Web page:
Moderation


2007 Rodney Cox

Bill Peterson walked into the office on Wednesday and headed to his cubicle. His route took him by the office kitchen where he noticed a figure sitting at the table crouched over a cup of coffee looking miserable. It was Roger from Sales, hung over as usual.

“Hey, Rog, big night?”

Roger looked up, bleary eyed, popping a breath mint. “Oh hey, Bill. Yeah, it was pretty wild. There was this one hot chick. Made her night if you know what I mean.” He gave Bill a wink and a grin. At least Bill thought it was a wink and not a twitch. It was hard to be certain.

“Um... yeah,” Bill said. “Man, I don’t know how you do it. I wouldn’t be able to get up, let alone come to work after a night of partying like that.”

Roger drunk his coffee and chewed his breath mint. “Years of practice, Bill. Years of practice.”

Bill left Roger to recover and got to work. He had been having a growing sense of concern for Roger. Bill’s co-worker was coming to work hung over all the time now and a few days he was sure that Roger was still drunk from the night before.

He shook his head. Roger was the top salesperson so he must be doing something right. But still, it seemed to Bill one couldn’t keep up that kind of pace. Except for the hangovers, Roger was always full of energy, bouncy even, friendly and outgoing with a hail-fellow-well-met attitude.

Bill decided to make a study of his co-worker. During the week, he found excuses to spend extra time with Roger. For the most part Roger was very high energy, always on the go and exuberant about his job. Maybe a bit too exuberant. There were always rumors that Roger was doing cocaine, and bill found that believable, although if it was true, he was adept at hiding it. However at times Roger’s mask would fall and Bill would see a desperation there, briefly, until the mask snapped into place again.

One day, Bill witnessed something that amazed him. Roger had brought in a large bag of M&Ms and put them in a serving bowl on his desk. Bill saw him literally cram his mouth with the candies and then sit back with eyes closed, chewing quickly, glutting himself. It struck him as odd and seemed significant somehow.

It was also obvious to Bill that Roger made frequent mistakes, but was good at smoothing things over. It was incredible watching this man move through his life with such barely contained frenzy. But one thing was certain; Roger was doing too much with too little rest. The real question was why?

One night in the middle of the week, Bill had arranged to go out with his friend, Stan, for dinner. Stan’s wife and Marla would meet them there. Bill mentioned it to Roger. “Hey, thanks for the invite. I’ve got some things to take care of first, though. Maybe I’ll catch you later.”

“Ok, sure,” said Bill although he didn’t believe his co-worker would bother showing up.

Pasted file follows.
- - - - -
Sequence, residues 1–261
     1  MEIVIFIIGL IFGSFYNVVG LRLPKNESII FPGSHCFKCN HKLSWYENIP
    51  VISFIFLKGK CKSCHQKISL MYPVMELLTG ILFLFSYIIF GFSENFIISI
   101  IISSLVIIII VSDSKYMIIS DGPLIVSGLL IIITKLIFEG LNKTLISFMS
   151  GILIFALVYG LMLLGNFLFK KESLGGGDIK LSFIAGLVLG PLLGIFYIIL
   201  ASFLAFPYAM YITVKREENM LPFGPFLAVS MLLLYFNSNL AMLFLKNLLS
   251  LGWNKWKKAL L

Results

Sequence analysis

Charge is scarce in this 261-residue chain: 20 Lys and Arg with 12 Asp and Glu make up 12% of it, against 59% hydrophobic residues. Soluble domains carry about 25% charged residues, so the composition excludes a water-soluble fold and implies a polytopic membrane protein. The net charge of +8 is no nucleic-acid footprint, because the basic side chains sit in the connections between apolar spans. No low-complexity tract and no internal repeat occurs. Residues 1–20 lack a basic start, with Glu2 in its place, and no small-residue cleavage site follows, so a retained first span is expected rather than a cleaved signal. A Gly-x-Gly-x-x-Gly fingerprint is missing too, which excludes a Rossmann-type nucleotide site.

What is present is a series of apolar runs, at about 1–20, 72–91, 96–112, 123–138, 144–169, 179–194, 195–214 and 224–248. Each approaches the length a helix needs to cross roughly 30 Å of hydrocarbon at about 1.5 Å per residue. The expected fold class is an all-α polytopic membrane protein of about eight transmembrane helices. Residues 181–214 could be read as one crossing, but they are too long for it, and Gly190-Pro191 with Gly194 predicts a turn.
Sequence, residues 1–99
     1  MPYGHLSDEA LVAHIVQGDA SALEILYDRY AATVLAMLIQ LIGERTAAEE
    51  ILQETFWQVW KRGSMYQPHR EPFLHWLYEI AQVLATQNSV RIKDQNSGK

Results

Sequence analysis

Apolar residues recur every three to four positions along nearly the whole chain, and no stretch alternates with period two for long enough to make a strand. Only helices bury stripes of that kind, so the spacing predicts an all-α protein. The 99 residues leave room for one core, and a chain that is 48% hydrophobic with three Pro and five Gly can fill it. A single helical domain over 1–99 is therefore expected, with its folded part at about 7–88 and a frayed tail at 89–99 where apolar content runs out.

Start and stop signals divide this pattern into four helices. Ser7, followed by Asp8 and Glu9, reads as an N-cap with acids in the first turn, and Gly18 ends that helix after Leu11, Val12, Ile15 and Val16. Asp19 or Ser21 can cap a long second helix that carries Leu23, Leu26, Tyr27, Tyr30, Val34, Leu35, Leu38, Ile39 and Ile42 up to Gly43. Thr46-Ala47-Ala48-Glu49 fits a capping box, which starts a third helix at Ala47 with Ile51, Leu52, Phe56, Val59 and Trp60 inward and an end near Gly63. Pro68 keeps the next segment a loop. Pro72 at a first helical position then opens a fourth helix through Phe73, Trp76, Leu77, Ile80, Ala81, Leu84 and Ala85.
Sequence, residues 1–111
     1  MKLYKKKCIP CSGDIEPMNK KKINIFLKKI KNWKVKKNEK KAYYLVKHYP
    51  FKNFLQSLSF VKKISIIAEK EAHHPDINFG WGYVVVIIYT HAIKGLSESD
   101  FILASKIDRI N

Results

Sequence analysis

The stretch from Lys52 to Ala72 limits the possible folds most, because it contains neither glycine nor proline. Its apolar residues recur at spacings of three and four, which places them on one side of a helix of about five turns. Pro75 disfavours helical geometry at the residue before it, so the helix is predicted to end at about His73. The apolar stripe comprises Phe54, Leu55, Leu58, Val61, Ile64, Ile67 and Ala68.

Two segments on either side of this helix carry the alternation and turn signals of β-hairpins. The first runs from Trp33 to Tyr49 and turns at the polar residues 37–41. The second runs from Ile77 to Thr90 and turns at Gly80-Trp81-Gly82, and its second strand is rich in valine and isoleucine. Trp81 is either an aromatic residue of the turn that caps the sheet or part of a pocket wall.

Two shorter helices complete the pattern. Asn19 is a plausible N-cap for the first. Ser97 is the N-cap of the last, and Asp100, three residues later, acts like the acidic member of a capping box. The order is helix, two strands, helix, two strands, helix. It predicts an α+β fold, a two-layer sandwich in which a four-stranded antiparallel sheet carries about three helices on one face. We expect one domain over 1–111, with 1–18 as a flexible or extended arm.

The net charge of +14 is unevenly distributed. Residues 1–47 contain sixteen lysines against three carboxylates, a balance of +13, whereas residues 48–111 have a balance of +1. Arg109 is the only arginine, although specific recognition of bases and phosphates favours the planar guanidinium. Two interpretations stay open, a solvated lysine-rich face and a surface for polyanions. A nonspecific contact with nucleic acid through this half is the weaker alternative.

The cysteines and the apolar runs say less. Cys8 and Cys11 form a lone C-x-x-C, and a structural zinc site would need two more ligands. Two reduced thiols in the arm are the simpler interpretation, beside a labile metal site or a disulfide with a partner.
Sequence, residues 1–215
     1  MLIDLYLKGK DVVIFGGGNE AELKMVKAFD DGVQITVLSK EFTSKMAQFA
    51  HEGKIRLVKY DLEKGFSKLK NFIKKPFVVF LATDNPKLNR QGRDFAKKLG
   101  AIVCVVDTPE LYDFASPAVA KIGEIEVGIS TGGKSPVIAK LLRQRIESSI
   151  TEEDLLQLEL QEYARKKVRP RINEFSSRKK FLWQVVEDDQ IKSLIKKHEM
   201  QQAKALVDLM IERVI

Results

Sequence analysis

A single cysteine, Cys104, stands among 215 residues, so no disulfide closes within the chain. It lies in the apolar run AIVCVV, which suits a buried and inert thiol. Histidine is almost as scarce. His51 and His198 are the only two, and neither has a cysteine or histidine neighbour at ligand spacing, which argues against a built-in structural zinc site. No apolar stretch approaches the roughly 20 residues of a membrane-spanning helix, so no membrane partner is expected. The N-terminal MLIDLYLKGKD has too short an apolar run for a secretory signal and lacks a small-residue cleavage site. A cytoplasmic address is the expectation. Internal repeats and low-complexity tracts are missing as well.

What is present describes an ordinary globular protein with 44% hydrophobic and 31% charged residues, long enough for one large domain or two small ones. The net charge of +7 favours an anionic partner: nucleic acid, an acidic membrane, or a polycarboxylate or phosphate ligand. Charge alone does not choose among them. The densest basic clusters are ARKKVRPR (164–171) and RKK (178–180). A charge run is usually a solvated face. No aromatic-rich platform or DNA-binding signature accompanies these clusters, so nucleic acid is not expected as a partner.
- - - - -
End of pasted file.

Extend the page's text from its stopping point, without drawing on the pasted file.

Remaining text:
Stan and Bill arrived early and got a table and ordered drinks and soon were joined by Marla and Stan’s wife, Janice. They had a nice meal and much later, while the ladies were away at the lavatory, Roger showed up. He was drunk and had two beautiful women in tow, who were also tipsy.

“Hey guys,” Roger slurred. “We were headed back to Inga and Svettlana’s hotel and I remembered you’d be here Bill. Wanna join us?” Roger leaned closer and Bill tried not to cringe from the smell of old alcohol. “I scored some ecstasy. These babes will de anything we want. I mean anything,” he said in a loud whisper and a wink. He was obviously being magnanimous towards Bill.

“Um... I appreciate the offer, Roger, but my girlfriend’s here. I don’t think she’d care for that.”

“Ah, I see,” said Roger. He turned to Stan. “Haw about you, Stan?”

Stan was taken back. “Sorry, man, my wife’s here too.”

“That’s terrible,” Roger said, looking gloomy.

“It’s okay,” Bill told him. “More for you, Rog.”

Roger brightened up. “Yeah, right! See you later guys.” And with that, he stumbled off.

Stan looked at Bill. “You really think he’s going to have sex with both of them?”

“You can count on it. Roger likes to take things to extremes. I’ve been studying him for awhile now.”

“Studying who?” asked Marla as she and Janice came back to the table.

“A co-worker,” answered Stan. “he came here with two women and wanted Bill to accompany them back to their hotel.”

Marla raised an eyebrow and looked at Bill. “Oh?”

Stan added quickly, “Bill turned them down of course. He didn’t want to upset you.” Marla smiled and patted Bill’s hand.

“Wise man.”

“Then Roger invited Stan to go instead,” Bill said with a wicked grin. “Stan, of course, said yes. I had to do a lot of fast talking to change his mind.”

Janice looked shocked. Stan slapped Bill in the arm. “I did no such thing!”

When Bill started laughing, Janice smiled. “You’re terrible, Bill. You had me going there for a minute.”

“So why are you studying this guy?” asked Marla.

“Well it seems that roger is trying to burn both ends of the candle, as it were, and I wanted to find out why. No one can keep up the pace he lives at without getting hurt.”

“And you thought you could help him?” asked Janice.

“Yeah, maybe.”

“Well what have you found out?”

“Like I said, Roger tends to take things to extremes. There’s rumors he takes drugs and from what I’ve seen, I believe it. He even admitted tonight to having ecstasy. After work, he drinks too much to bring himself down from the manic buzz he’s on all day. But then, he’s always coming to work hung over, oven in the middle of the week.”

“You’re not serious,” said Marla.

Bill nodded. “I am.”

“That’s not all. I’ve seen him gorge himself on candy.”

“So, he’s a glutton,” piped in Stan.

“But it’s more than that. He doesn’t seem to have any hobbies at all. Just this constant drive to satisfy his appetites.”